By Drew Ailes
By Courtney Harrell
By Kyra Scrimgeour
By Jena Ardell
By Mary Willson
By Bree Davies
By Tom Murphy
By Tom Murphy
Can the music be called Brit pop if the musicians in question take more influences from the Mississippi Delta than from their Liverpool-area origins? Lacking a better term, Gomez describes its music as "psychedelic blues." And while there's no easy way to explain the trippy country-blues-electronica-folk-rock genre melt that defines the quintet's catalogue, it is easy to praise the band for always keeping you guessing and rarely, if ever, letting you down.
Gomez is still a baby band, having made its debut only four years ago, and the story behind its nearly instantaneous rise is remarkable. Five chums who'd known each other since they were practically still in diapers recorded a demo in their basement, then handed it out to friends, one of whom (unbeknownst to them) was a musician turned record-store clerk with serious industry connections. Three weeks after passing on that tape, they had offers from labels in Britain and the United States. The demo became Bring It On, which garnered them the coveted Mercury Prize, as well as official kudos from NME and Q magazine, just to name a few. John Lee Hooker himself claimed he "done listened to the record over and over and [couldn't] find no defect." Liquid Skin followed in 1999, and a collection of outtakes and rough cuts (Abandoned Shopping Trolley Hotline) came in late 2000. And then Gomez disappeared. Until now.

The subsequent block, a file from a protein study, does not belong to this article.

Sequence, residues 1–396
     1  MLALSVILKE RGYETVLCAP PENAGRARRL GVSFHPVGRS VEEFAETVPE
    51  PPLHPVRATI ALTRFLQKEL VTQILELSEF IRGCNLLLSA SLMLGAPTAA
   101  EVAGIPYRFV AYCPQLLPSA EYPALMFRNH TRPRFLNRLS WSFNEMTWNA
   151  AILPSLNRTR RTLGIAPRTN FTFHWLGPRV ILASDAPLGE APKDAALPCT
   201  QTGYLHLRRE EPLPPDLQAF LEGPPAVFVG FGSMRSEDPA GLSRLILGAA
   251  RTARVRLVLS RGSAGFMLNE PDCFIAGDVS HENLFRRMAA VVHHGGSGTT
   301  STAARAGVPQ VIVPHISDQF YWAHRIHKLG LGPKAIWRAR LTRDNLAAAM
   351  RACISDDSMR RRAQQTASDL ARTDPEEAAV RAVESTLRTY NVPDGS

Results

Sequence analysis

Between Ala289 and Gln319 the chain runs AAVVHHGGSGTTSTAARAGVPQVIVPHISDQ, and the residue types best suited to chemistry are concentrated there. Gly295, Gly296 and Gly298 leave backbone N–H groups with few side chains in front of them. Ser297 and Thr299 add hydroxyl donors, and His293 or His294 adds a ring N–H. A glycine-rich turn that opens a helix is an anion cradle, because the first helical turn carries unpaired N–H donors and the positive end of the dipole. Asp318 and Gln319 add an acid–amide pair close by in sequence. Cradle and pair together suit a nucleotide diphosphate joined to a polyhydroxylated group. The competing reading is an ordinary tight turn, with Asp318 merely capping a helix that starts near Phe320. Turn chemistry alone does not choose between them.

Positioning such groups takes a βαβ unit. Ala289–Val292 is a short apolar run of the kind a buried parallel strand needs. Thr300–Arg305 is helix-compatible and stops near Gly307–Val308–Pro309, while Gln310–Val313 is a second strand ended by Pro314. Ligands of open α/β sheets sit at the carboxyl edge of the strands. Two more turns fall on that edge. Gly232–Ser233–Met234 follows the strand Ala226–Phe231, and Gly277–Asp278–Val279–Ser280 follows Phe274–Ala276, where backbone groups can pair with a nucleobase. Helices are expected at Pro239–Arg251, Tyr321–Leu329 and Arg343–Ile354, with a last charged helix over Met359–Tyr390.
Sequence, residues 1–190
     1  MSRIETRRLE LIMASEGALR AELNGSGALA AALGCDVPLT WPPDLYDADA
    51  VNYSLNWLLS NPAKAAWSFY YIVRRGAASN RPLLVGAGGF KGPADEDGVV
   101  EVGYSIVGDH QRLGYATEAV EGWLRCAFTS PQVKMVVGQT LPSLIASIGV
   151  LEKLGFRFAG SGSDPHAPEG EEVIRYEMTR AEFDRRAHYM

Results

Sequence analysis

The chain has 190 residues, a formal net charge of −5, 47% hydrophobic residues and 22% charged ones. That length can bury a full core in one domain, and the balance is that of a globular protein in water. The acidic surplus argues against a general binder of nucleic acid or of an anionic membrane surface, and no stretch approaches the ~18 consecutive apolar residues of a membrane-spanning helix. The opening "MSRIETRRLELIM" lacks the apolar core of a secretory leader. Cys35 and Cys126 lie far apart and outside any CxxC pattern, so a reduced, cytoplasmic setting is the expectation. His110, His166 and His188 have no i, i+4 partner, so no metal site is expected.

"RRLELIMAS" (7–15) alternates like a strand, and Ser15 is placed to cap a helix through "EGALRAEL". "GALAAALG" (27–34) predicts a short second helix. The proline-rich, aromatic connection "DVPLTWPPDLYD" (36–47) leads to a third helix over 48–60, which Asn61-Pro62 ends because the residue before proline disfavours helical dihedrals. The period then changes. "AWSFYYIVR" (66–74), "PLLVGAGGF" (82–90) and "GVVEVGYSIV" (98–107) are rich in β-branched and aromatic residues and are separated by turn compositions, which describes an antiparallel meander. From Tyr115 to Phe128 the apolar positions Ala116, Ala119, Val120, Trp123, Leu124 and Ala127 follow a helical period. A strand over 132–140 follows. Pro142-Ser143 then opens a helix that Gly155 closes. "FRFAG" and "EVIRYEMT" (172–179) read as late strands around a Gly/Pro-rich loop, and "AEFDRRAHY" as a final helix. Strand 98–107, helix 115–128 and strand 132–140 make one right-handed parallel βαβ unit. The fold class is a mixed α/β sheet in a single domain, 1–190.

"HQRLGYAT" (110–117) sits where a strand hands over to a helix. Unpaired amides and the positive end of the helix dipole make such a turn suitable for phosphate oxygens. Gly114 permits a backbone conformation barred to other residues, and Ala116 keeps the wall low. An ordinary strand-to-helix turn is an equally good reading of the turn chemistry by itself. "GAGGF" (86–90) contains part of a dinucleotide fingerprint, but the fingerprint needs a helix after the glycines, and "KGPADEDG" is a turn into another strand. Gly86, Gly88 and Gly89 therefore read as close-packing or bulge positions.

The group's third official full-length is everything it should be: mysterious, exciting, hinting at new directions and plain old fun. It opens promisingly with the bottom-heavy, Morphine-esque "Shot Shot," an exuberant, confident clang-banger of a song with enough momentum to push the whole record from behind. Not that it needs it: All of the links in this thirteen-song chain are equally strong, due in no small part to Gomez's commitment to extensive dabbling. (Drummer Olly Peacock once told this reporter that the boys in the band would "hit or use anything or sing down anything.")
The result is a provocative mishmash of looped, rootsy harmonica lines that morph into pseudo-electronica ("Rex Kramer"), watery vocal effects and lovely harmonic bridges ("Detroit Swing 66"). The Gomez boys are shrewd planners, as well. (A band with three lead vocalists would have to be, really.) Singer Ben Ottewell's gruff, gravelly, cigarettes-and-whiskey voice is so distinctive and adds such a specific vibe to a song that he wisely sits back on some, including the title track, which requires a lighter vocal touch. Vocalists Ian Ball and Tom Gray handle the challenge with aplomb. "In Our Gun" is a lush, languid, yearning affair that picks up in its last quarter, changing into a frenetic dance mix. It turns the usual architecture of a Gomez album on its ear.
It's nice to have new material from this band to absorb. Whatever its music might be called, Gomez has yet to falter in its pursuit of original and dynamic sounds.